Jabalpur-based Gun Carriage Factory (GCF) has handed over three indigenously-developed 155 mm ‘Dhanush’ artillery guns to the Indian Army.
Dhanush incorporates “many improved features” over the Army’s existing artillery guns.
The 155mm/45-calibre Dhanush howitzers had “successfully met all technical parameters” during the winter and summer trials at Sikkim and Pokhran.
The trials saw some 2,000 rounds being successfully fired from the gun in different climatic conditions like in snowy, desert and hostile areas in the country.
Danush is going to be a first successful flagship venture under the ‘Make in India’ mission.
The desi Bofors has laid the foundations for India catapulting itself straight on to the world stage. India will soon emerge as a leading Artillery Gun design and manufacturer in the form of evolution of ATAGS – the highly advanced version of Dhanush.
In 2015, the army along with DRDO and OFB worked together to develop Dhanush. The guns were built after going through the design and voluminous documents given to India under the first phase of Transfer of Technology (ToT) as part of the Bofors gun deal in the late 80s.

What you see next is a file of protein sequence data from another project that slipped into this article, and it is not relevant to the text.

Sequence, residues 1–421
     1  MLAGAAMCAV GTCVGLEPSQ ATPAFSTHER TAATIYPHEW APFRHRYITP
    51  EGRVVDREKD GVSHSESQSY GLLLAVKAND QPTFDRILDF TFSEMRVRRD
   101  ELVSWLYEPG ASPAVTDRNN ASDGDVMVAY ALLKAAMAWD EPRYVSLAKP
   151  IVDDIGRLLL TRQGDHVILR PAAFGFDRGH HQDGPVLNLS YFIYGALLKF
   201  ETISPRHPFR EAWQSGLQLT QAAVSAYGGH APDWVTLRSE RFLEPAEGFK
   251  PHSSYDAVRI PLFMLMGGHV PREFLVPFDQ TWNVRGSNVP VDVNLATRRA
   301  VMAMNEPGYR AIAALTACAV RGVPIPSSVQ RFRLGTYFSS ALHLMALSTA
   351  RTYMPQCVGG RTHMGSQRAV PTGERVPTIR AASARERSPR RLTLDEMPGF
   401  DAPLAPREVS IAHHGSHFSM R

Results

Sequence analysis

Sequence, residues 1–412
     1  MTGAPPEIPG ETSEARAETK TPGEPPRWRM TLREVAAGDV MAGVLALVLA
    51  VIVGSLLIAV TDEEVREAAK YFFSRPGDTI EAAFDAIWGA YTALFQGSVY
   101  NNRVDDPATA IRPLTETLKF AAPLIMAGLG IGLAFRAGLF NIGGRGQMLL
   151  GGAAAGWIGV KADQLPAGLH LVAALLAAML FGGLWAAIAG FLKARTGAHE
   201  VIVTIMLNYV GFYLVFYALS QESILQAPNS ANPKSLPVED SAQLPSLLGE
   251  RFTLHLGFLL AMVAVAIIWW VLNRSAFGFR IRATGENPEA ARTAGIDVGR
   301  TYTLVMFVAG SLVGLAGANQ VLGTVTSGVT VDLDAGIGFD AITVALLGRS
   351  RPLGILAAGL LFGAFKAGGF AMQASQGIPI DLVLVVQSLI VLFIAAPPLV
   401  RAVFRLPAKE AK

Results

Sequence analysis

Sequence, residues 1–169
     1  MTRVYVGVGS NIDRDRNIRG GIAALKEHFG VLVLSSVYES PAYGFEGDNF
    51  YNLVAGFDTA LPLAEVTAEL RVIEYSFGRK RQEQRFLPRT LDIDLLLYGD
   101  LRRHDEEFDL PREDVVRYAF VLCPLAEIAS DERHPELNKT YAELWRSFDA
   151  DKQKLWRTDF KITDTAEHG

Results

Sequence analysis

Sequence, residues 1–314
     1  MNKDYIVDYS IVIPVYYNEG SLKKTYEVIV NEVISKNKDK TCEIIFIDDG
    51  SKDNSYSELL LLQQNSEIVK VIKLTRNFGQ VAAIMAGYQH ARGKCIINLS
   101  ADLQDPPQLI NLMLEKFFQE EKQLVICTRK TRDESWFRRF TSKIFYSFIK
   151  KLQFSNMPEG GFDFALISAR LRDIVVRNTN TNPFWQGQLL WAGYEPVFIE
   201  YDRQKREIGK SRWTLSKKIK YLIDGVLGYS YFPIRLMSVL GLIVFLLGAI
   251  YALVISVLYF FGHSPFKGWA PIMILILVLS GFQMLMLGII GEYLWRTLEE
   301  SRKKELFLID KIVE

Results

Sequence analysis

Costing around Rs 14 crore a piece, Dhanush, (aka ‘Desi Bofors’) is capable of targeting at long ranges incorporating autonomous laying features and has one of the most sophisticated suites of electronic and computing systems in the world.
The indigenous gun also has an enhanced 11-km range as against the 27-km range of the imported Bofors.
In the current twelfth army five year plan 2012-17, the Indian army plans to upgrade its existing field regiments presently equipped with 105 mm Indian Field Gun, 105 mm Light Field Gun and the Russian 122 mm guns to the 155 mm towed gun system as a universal inventory.